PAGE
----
Sportvision’s HIT SPEED Data Making Broadcast Debut on Fox Sports Regional Networks

It was one of the scariest moments of this Major League Baseball season.

VIDEO: Sportvision's HIT SPEED technology tracked the line drive that struck Tampa Bay Rays pitcher Alex Cobb during a game last month at 102.4 mph.

VIDEO: Sportvision’s HIT SPEED technology tracked the line drive that struck Tampa Bay Rays pitcher Alex Cobb during a game last month at 102.4 mph.

In the fifth inning of a game against Kansas City on June 15, Tampa Bays Rays pitcher Alex Cobb delivered a 2-1, 91-mph fastball to Royals first baseman Erik Hosmer. Before you could blink, a vicious smack of rawhide on flesh echoed through Tropicana Field and the 25-year old Cobb was down in a heap in front of the mound surrounded by his teammates and trainers.

Within moments, Fox’s Sun Sports play-by-play commentator Dewayne Staats and color analyst Brian Anderson were able to provide viewers with the exact speed with which the pitch was hit back at Cobb — 102.4 mph.

Sun Sports was able to provide that jaw-dropping information courtesy of a new data tool being used on Fox Sports regionals this year, Sportvision’s HIT SPEED.

“I think baseball is the easiest [to incorporate this kind of data],” says Mike Connelly, Senior Vice President, Executive Producer at Fox Sports Networks. “Baseball is a statistically driven sport. For scouts, velocity is a key component for evaluating players. [For broadcast,] it’s just compelling information how fast that ball is coming back at them.”

Fox began experimenting with HIT SPEED on some of its regional baseball telecasts in May and it is now in use on all 16 of Fox’s MLB broadcasts. An extension of Sportvision’s popular PITCHf/x software that has been a part of Fox MLB broadcasts for the past few years, HITf/x, and more specifically HIT SPEED, use the same software-based camera technology used to measure the speed of pitches coming from the mound. Now, its simply used to also track that same ball leaving the bat.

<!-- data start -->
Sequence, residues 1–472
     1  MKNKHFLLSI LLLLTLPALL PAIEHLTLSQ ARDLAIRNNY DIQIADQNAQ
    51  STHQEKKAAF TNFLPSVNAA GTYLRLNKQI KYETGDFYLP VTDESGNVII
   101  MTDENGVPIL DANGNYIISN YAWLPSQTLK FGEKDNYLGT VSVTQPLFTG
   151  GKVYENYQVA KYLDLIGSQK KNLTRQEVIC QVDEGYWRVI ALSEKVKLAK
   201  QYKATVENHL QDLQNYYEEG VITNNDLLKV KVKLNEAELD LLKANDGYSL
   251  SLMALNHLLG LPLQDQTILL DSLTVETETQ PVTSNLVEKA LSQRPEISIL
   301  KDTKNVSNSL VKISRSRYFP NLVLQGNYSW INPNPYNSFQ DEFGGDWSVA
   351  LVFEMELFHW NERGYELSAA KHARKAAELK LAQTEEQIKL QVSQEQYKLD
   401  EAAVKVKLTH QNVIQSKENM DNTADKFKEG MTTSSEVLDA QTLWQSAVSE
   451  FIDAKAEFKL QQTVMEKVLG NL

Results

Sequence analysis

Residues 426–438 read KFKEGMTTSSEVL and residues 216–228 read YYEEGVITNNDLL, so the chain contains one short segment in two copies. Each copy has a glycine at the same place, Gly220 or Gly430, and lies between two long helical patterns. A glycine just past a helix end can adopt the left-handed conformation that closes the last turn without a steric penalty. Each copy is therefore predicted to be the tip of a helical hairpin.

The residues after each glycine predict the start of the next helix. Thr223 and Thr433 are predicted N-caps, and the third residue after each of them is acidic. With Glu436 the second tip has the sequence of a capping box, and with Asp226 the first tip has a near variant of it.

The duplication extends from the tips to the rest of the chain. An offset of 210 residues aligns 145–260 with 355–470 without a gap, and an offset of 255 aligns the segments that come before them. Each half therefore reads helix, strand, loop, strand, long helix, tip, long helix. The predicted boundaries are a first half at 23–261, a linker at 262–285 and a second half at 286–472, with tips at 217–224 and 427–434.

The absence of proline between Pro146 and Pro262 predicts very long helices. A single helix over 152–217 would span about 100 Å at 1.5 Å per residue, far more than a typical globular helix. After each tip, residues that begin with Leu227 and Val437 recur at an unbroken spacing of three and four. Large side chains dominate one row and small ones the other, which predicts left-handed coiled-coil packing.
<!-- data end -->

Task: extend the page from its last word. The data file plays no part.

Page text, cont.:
Using data from the 2012 MLB season, HIT SPEED shows that the faster a ball leaves the bat, the more likely it is to go for a hit.

Using data from the 2012 MLB season, HIT SPEED shows that the faster a ball leaves the bat, the more likely it is to go for a hit.

Sportvision has three tracking cameras (positioned at mid-first baseline, mid-third baseline, and centerfield) in every Major League ballpark that measure the area between the pitcher and the hitter and to calibrate the strikezone. That’s how pitch information (location, speed, break) is calculated and distributed by MLB.com’s Stats department and the various ballclubs.

Of course the data is much more valuable and useful than simply tracking terrifying injuries. In fact, Sportvision has been supplying Hit Speed data to MLB front offices since 2008.

“[The teams] have found tremendous value in this data because what it does is it gives you objective measurement of the hit independent of outcome,” says Ryan Zander, General Manager of Baseball Products at Sportvision.“You’re taking out elements like luck, defensive positioning, and really getting an objective view of how good of a hit that was.”

Data obtained via the HITf/x software determines that the faster a ball comes off the bat, the more likely it is to land in play for a hit. In some cases, certain hits correspond with certain hit speeds. For instance, you’re more likely to hit a single when it reaches 85 miles an hour. Doubles and triples are more likely over 95 miles an hour and home runs become more likely over 100 miles an hour.

Prior to this season, Fox Sports Networks approached Sportvision about using HIT SPEED and Sportvision optimized the system for broadcast, marking the first time the data would be used on television.

“We want to cover the game better than anybody else,” says Connelly. “We set a list of priorities and questions and the number one question is: does it bring our viewers inside the game? This fits that exact criteria.”

In this era of sabermetrics in baseball, HIT SPEED is a valuable storytelling tool for broadcasters. For example, if a player is in a slump and goes 0-for-4, but hits the ball at a high speed in all four at-bats, sabermetricians would argue that batter’s average is likely to go up soon and that player will undergo what is called a ‘regression to the mean.’

HIT SPEED is also more than just an offensive statistic. The tracking software reads horizontal direction, which allows teams to better align their defenses based on a hitter’s tendencies.

“We’re just at the surface of what this hit data will end up being,” says Zander. “There’s going to be more storytelling that comes along with hit ball speed.”

Password must contain the following:

A lowercase letter

A capital (uppercase) letter

A number

Minimum 8 characters

;